The Best Quilting Library

I love books. Both reading and collecting them. Hey, I come from a family of bookworms… what can I say? I have a large collection of contemporary fiction, and a very respectable assortment of glossaries and dictionaries. (Yes, I am one of those people who enjoys *reading* a dictionary). And, naturally, I have a pretty impressive number of crafting books. I haven’t counted them all, but I can tell at this point I have close to quilting books.

I guess there’s no doubt how much I love books. I am particularly happy with my last book purchases. You see, it’s taken me a couple of years, but I finally have completed my collection of the Rodale’s Successful Quilting Library. This is a set of 15 books published over a 5-year period (1997-2001) and now long out of print.

At the time they were published each book cost US$19.95. It’s taken me a couple of years to find and purchase them – all used. I think the one I paid the most for was around $5. Most of them I purchased for $1-2. Yet the wealth of information in these books is worth their weight in gold. I am especially happy because this is a wonderful resource for my students.

All of these books follow the same format: very clear instructions, with photographs for each step. So even for those among my students who don’t do too well with English, they are able to learn from the photographs alone. The material in each book is very well organized, with a section called the Quilter’s Problem Solver at the end of each chapter that round out the already in-depth information covered in the chapter itself.

The basics are all covered: piecing, foundation piecing, appliqué, drafting, hand and machine quilting, embellishments.. you name it. I thought I’d share a couple of pics of the covers… and if you are interested in knowing a little more about the contents of any particular book, just leave a comment and I will write up a little review for that book.

There’s nothing I enjoy more than a lazy afternoon browsing through my quilting books. Yet truth be told, if for any strange reason I were only allowed a handful of books, this would be the collection I would stay with.

This entry was posted in Books!. |Comments closed

4 Comments

  1. Irene Pratdesaba
    Posted August 14, 2011 at 10:38 pm | Permalink

    I agree with you, Angie. Those are fantastic, and very useful. I have two of them: Fantastic finishes and Flawless hand quilting. By now, I’m interested in learning how to dye my fabrics. Is one of the other books about that? If not, I would appreciate if you can recommend me some other.
    Another book that have been a treasure for me, is The Quilting Bible, of Creative Publishing International. It’s wonderful too!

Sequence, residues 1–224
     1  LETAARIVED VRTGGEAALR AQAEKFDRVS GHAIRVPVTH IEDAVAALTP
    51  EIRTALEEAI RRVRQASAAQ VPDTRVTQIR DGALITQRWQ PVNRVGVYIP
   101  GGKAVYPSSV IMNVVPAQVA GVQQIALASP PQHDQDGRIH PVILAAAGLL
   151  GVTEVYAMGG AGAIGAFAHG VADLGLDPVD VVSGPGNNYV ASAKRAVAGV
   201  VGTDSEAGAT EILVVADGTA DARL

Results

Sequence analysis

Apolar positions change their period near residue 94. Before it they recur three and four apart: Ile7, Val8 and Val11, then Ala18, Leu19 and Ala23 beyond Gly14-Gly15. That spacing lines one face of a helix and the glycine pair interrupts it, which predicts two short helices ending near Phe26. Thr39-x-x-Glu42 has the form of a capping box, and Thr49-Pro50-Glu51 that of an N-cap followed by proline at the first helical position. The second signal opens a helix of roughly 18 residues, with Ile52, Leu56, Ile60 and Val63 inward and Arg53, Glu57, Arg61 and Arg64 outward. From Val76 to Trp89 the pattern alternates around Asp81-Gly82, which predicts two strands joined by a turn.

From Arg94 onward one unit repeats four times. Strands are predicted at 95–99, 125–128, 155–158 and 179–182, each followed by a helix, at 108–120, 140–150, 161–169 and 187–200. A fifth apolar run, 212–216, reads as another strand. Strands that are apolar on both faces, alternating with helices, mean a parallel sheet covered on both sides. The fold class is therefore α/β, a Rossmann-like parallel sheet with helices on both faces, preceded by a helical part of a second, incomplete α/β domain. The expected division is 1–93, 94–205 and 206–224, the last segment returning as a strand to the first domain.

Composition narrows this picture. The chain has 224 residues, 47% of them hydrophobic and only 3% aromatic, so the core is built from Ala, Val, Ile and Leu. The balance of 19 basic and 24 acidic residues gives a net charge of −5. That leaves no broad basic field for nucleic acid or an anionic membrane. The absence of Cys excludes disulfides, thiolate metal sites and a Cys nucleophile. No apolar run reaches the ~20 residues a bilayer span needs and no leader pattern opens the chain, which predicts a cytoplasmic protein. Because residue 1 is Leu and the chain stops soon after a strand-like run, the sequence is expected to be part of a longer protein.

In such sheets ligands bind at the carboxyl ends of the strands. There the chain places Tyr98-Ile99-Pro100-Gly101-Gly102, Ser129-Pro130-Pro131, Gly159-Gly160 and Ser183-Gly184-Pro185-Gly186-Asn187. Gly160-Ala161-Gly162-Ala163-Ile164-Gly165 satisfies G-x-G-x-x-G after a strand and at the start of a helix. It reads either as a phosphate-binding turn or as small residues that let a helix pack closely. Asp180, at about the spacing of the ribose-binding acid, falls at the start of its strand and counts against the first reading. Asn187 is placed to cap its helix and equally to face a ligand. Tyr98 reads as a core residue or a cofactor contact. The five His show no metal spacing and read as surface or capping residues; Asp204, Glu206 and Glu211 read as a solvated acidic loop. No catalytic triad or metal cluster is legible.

Warm hugs
    Irene

  2. Posted August 14, 2011 at 11:08 pm | Permalink

    I haven’t heard of those books, but what you have shown looks very interesting. I love my quilting books and magazines! I prefer books and magazines to the net… Lots of interesting stuff at the net of course, but nothing is like holding and read a book or magazine! 🙂

  3. Posted August 15, 2011 at 6:07 pm | Permalink

    Angie
    I am also a “bookaholic” and Amazon is my very best friend 😉
    I was interested to know what the book Innovative Piecing would be about?
    My first thought was that a “how-to”-book about innovative piecing must be a contradiction in terms, – if it has already been done, it is no longer innovative.
    But then I thought maybe they are showing piecing methods that may have been considered innovative or unusual at one point.
    Or are they actually teaching how to be innovative?
    Maybe I am too square minded, but I am curious to know 🙂
    I must also say that the whole series look interesting. You are sitting on a treasure.

  4. Jo wiggins
    Posted January 30, 2012 at 7:54 pm | Permalink

    I have this book collection aswell. lost count on the amount of times I have refered to the information contained in them for my quilting projects. When I hit a brick wall during construction or design, I make a cup of tea and flip through these books till I feel the creative juices run a riot. Its my most valuable asset in my quilting room. Apart from my sewing machine thats is. If you dont have them, start looking and adding them to your collection.

  • Angie Padilla

    I am a self-learner. I taught myself to sew and to quilt. And I taught myself how to draw. I am learning how to dye my own fabrics and am dabbling with mixed media. I am a quilt designer and teacher, and design and publish my own line of quilt patterns. With this blog I would like to share the bits and pieces of my life.

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